Last night, I had some specific questions:

1. When will the borough post all the agendas and meeting minutes missing since last April and February respectively?

Answer: They’re up! I checked the website around 4:00 P.M. yesterday and nothing had changed. Shortly after, I posted on Mayor Ed Foley’s Facebook page asking him why minutes and agendas where still missing. He did not know, but he’d check. Talk about our government in action!

2. With regards to the debt service line item in the posted budget summary, what is that $244,000 in debt (or 4% of the budget) servicing?

Answer: As I expected, mostly the new parking lot.

3. Why does the borough only post a summary of the budget on the website? Where is the document with the breakouts?

Answer: No real reason. Borough Manager George Locke assured the council that upon request, he will provide a PDF of the entire budget to anyone who asks. I followed up by asking why not just post the entire thing online? Unless the borough is penny pinching and can’t afford the extra (insignificant) bandwidth or server space, there’s no need to post a summary.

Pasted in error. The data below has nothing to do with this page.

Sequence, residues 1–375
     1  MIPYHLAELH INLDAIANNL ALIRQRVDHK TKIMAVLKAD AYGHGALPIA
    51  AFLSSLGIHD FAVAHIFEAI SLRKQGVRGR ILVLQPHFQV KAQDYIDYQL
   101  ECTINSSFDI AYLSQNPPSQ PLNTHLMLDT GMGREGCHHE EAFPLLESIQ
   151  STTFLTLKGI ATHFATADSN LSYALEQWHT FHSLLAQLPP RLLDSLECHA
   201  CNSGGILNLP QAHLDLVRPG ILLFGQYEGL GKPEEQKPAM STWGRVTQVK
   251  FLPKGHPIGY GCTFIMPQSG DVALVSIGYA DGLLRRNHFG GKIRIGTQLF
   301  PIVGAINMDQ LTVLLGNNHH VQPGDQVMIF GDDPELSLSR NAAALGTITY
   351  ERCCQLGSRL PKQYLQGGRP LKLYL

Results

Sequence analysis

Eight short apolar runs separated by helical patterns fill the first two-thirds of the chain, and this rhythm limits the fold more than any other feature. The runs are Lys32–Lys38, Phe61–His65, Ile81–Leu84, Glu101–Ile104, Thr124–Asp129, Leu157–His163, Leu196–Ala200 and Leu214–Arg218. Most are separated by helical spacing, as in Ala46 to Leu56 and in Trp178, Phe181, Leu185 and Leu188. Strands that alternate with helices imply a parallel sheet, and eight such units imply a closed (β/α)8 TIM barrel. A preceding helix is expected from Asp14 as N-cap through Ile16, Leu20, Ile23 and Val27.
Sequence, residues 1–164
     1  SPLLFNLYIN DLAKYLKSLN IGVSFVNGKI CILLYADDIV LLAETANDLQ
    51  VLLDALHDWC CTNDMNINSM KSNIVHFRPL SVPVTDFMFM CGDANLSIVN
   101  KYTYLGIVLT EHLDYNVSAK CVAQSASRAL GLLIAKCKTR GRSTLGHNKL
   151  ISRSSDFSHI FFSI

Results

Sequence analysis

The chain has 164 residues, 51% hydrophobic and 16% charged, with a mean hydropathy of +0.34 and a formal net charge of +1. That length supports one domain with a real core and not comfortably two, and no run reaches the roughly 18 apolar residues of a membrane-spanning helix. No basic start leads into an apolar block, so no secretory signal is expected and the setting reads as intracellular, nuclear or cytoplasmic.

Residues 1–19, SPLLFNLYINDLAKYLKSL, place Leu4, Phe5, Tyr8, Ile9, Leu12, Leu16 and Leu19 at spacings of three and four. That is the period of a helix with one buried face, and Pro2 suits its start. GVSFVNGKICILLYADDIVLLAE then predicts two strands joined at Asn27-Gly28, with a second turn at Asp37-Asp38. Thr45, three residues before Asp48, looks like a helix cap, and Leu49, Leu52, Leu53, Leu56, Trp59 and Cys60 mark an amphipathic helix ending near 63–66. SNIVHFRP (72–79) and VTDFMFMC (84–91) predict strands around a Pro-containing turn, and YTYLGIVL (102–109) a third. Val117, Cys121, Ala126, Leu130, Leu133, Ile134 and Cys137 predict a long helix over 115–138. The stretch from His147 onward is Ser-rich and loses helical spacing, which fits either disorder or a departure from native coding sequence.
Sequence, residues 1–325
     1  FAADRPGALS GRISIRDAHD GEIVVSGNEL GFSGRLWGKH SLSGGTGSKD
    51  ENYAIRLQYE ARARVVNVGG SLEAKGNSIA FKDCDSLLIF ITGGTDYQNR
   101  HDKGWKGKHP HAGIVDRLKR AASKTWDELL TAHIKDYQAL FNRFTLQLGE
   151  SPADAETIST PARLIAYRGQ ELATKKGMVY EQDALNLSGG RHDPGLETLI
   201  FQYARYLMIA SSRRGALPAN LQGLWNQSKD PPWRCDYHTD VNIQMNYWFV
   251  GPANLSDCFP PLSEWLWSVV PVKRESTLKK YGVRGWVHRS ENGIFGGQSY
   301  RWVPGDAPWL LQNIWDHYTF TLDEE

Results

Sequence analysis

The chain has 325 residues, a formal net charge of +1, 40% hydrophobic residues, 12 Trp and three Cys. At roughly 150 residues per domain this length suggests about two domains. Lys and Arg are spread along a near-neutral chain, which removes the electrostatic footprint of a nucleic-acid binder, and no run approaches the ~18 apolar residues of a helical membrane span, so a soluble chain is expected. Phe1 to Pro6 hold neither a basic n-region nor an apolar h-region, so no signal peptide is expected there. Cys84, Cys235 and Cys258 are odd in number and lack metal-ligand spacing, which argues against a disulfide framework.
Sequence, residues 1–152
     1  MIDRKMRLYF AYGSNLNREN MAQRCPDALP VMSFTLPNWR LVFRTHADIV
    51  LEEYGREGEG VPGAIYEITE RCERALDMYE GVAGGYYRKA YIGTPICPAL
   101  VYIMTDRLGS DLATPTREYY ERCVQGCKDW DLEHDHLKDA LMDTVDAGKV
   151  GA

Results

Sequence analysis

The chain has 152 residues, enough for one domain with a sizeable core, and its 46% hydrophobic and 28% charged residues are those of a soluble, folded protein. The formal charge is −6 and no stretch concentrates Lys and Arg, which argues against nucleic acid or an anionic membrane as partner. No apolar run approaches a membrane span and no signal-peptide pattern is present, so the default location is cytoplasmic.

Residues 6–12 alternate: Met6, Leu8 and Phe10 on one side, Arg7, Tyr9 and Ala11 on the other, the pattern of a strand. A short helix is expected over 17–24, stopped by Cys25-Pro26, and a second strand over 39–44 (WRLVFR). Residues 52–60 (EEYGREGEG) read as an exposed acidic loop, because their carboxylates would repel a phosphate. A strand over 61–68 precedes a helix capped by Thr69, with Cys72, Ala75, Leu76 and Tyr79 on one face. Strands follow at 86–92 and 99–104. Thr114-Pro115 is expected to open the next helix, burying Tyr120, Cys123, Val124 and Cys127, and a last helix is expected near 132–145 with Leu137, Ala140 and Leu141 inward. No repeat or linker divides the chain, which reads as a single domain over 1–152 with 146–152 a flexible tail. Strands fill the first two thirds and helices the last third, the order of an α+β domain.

4. What can anyone who does not comply with this ordinance expect to happen?

Answer: This discussion prompted Council to jump ahead in their agenda to display a two-slide powerpoint show that outlines the process. In short, those not in compliance face a court date before the Honorable Judge Elizabeth McHugh, where she can levy fines up to $600. Mind you, the law also states that jail is also in the offing.

In an earlier email sent me, Councilor Rick Bunker told us that we could expect the borough to slap a lien on our property and the borough will do the work, except that this isn’t exactly true, either. As it happens, the borough has no budget for performing any of the work itself.

We are not civil engineers, but one would reasonably expect that with a project of this scope, statistics already exist that show a rate of non-compliance. This is what you budget for.

Finally, it’s hard to shake a sense that we’re living in a kind of Bizzaroland. Even in the face of many stories of hardship, mismanagement, and potentially brutal enforcement, the councilors who in theory represent  our best interests as a community seem completely oblivious to the way they are dismantling it with this process. The councilors themselves used terms such as “onerous” and “hardship” in their discussions, but could only punctuate their remarks with shoulder shrugs.

I’m happy to say that we are finally hearing from a growing number of residents who have expressed utter disgust with how this program is being carried out. Please contact us here or via our Facebook page. We are planning to meet with other concerned residents to strategize for the September Council Meeting.

Let your voice be heard. The time is now.

Please spread this around.
Please spread this around.